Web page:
show that $d K / d t=\alpha x^{2}$ where

$K=K(x, y)=x^{2}+y^{2}-y^{4}$

In the case $\alpha=0$, analyse the properties of the critical points and sketch the phase portrait, including the special contours for which $K(x, y)=\frac{1}{4}$. Comment on the asymptotic behaviour, as $t \rightarrow \infty$, of solution trajectories that pass near each critical point, indicating whether or not any such solution trajectories approach from, or recede to, infinity.

Briefly discuss how the picture changes when $\alpha$ is made small and positive, using your result for $d K / d t$ to describe, in qualitative terms, how solution trajectories cross $K$-contours.

2.I.3F

comment(a) Define the probability generating function of a random variable. Calculate the probability generating function of a binomial random variable with parameters $n$ and $p$, and use it to find the mean and variance of the random variable.

(b) $X$ is a binomial random variable with parameters $n$ and $p, Y$ is a binomial random variable with parameters $m$ and $p$, and $X$ and $Y$ are independent. Find the distribution of $X+Y$; that is, determine $P\{X+Y=k\}$ for all possible values of $k$.

2.I.4F

commentThe random variable $X$ is uniformly distributed on the interval $[0,1]$. Find the distribution function and the probability density function of $Y$, where

$Y=\frac{3 X}{1-X}$

2.II.10F

commentThe random variables $X$ and $Y$ each take values in $\{0,1\}$, and their joint distribution $p(x, y)=P\{X=x, Y=y\}$ is given by

$p(0,0)=a, \quad p(0,1)=b, \quad p(1,0)=c, \quad p(1,1)=d .$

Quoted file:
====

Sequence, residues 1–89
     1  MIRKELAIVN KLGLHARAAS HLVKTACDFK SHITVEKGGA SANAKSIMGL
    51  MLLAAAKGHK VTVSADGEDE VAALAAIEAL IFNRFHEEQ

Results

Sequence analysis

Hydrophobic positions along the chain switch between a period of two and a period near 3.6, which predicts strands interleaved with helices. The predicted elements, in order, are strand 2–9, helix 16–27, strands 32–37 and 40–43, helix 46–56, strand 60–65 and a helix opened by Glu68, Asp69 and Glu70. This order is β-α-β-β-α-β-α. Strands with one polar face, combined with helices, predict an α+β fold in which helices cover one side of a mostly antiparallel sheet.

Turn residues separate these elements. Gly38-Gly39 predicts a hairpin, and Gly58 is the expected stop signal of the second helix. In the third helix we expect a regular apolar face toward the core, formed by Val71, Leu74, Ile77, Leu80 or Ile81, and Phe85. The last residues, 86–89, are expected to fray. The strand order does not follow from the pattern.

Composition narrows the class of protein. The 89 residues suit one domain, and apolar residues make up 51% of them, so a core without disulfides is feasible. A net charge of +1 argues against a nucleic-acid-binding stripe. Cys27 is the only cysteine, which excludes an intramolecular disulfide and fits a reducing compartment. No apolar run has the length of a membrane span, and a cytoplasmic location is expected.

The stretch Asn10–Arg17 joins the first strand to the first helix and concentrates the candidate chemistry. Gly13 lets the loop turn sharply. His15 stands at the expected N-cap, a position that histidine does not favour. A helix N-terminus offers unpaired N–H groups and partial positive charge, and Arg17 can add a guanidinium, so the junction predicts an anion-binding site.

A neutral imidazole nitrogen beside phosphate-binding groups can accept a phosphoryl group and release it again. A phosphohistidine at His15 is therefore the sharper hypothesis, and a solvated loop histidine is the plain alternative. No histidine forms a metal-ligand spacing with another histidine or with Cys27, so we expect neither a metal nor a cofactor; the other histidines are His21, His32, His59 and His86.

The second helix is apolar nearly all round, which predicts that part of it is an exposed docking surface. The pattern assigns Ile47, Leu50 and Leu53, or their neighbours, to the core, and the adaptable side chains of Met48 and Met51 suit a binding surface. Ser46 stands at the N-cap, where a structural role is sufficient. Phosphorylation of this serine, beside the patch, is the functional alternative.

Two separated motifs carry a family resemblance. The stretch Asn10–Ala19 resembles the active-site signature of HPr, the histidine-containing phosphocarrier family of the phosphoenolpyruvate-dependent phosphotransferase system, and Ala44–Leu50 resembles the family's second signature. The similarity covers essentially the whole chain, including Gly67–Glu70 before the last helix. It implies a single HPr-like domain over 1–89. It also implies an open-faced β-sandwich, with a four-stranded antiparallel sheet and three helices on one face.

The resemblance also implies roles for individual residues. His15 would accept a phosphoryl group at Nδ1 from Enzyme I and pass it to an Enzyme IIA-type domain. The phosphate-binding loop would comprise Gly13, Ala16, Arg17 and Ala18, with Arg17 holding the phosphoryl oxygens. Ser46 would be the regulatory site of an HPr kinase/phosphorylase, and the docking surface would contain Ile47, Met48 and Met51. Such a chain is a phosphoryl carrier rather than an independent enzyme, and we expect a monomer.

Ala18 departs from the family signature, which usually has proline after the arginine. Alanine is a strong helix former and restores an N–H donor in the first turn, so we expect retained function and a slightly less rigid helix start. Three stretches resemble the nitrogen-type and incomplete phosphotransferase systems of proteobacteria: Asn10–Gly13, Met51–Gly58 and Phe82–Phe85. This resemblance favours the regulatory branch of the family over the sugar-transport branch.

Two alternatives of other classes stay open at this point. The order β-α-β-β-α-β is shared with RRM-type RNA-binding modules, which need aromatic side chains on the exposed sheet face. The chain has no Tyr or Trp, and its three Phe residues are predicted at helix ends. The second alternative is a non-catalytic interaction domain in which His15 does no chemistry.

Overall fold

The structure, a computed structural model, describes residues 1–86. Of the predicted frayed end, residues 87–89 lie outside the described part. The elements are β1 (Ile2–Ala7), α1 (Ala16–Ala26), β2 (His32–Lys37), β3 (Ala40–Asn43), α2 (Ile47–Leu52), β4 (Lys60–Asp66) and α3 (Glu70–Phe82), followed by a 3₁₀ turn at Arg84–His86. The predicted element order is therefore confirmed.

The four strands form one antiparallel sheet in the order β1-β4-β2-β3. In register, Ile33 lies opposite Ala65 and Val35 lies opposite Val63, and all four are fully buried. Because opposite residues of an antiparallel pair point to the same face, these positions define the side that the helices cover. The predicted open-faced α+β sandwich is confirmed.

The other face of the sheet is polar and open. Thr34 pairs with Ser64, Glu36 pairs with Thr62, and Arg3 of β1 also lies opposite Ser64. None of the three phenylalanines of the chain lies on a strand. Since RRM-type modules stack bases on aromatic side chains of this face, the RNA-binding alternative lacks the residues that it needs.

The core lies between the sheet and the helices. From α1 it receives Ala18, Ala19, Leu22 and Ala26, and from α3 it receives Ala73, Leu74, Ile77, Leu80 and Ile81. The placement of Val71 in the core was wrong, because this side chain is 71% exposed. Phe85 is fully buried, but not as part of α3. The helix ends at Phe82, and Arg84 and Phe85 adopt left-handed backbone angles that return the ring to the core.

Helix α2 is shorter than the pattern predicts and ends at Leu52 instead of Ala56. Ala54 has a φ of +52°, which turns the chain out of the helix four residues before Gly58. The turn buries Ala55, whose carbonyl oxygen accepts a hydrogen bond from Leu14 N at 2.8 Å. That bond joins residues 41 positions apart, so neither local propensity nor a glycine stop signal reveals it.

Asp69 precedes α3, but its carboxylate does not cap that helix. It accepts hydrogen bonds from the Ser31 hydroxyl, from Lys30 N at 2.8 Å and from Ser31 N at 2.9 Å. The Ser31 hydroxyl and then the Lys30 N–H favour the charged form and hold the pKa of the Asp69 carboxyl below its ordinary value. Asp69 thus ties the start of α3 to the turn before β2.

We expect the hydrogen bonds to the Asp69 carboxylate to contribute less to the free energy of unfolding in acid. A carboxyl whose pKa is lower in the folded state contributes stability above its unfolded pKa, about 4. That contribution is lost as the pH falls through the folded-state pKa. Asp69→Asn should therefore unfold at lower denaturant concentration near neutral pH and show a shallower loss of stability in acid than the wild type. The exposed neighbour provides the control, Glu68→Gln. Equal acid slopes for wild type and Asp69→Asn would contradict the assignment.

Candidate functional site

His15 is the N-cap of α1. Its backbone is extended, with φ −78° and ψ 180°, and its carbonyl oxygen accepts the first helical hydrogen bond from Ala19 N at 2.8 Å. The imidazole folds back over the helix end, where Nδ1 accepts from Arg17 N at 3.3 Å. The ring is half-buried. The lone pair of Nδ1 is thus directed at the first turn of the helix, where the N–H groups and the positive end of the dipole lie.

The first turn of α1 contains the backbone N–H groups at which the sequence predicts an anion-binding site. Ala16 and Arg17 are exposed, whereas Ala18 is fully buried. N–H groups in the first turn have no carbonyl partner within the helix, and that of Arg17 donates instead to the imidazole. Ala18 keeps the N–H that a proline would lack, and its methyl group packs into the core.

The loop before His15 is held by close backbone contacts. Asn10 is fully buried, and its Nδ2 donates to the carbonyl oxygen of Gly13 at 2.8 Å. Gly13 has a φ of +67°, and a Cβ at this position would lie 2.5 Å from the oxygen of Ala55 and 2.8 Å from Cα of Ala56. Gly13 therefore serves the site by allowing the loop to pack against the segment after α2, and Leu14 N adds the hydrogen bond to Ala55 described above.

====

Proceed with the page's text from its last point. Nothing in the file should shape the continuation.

Find necessary and sufficient conditions for $X$ and $Y$ to be (i) uncorrelated; (ii) independent.

Are the conditions established in (i) and (ii) equivalent?

2.II.11F

commentA laboratory keeps a population of aphids. The probability of an aphid passing a day uneventfully is $q<1$. Given that a day is not uneventful, there is probability $r$ that the aphid will have one offspring, probability $s$ that it will have two offspring and probability $t$ that it will die, where $r+s+t=1$. Offspring are ready to reproduce the next day. The fates of different aphids are independent, as are the events of different days. The laboratory starts out with one aphid.

Let $X_{1}$ be the number of aphids at the end of the first day. What is the expected value of $X_{1}$ ? Determine an expression for the probability generating function of $X_{1}$.

Show that the probability of extinction does not depend on $q$, and that if $2 r+3 s \leqslant 1$ then the aphids will certainly die out. Find the probability of extinction if $r=1 / 5, s=2 / 5$ and $t=2 / 5$.

[Standard results on branching processes may be used without proof, provided that they are clearly stated.]

2.II.12F

commentPlanet Zog is a ball with centre $O$. Three spaceships $A, B$ and $C$ land at random on its surface, their positions being independent and each uniformly distributed on its surface. Calculate the probability density function of the angle $\angle A O B$ formed by the lines $O A$ and $O B$.

Spaceships $A$ and $B$ can communicate directly by radio if $\angle A O B<\pi / 2$, and similarly for spaceships $B$ and $C$ and spaceships $A$ and $C$. Given angle $\angle A O B=\gamma<\pi / 2$, calculate the probability that $C$ can communicate directly with either $A$ or $B$. Given angle $\angle A O B=\gamma>\pi / 2$, calculate the probability that $C$ can communicate directly with both $A$ and $B$. Hence, or otherwise, show that the probability that all three spaceships can keep in in touch (with, for example, $A$ communicating with $B$ via $C$ if necessary) is $(\pi+2) /(4 \pi)$.

2.II.9F

commentState the inclusion-exclusion formula for the probability that at least one of the events $A_{1}, A_{2}, \ldots, A_{n}$ occurs.

After a party the $n$ guests take coats randomly from a pile of their $n$ coats. Calculate the probability that no-one goes home with the correct coat.

Let $p(m, n)$ be the probability that exactly $m$ guests go home with the correct coats. By relating $p(m, n)$ to $p(0, n-m)$, or otherwise, determine $p(m, n)$ and deduce that

$\lim _{n \rightarrow \infty} p(m, n)=\frac{1}{e m !} .$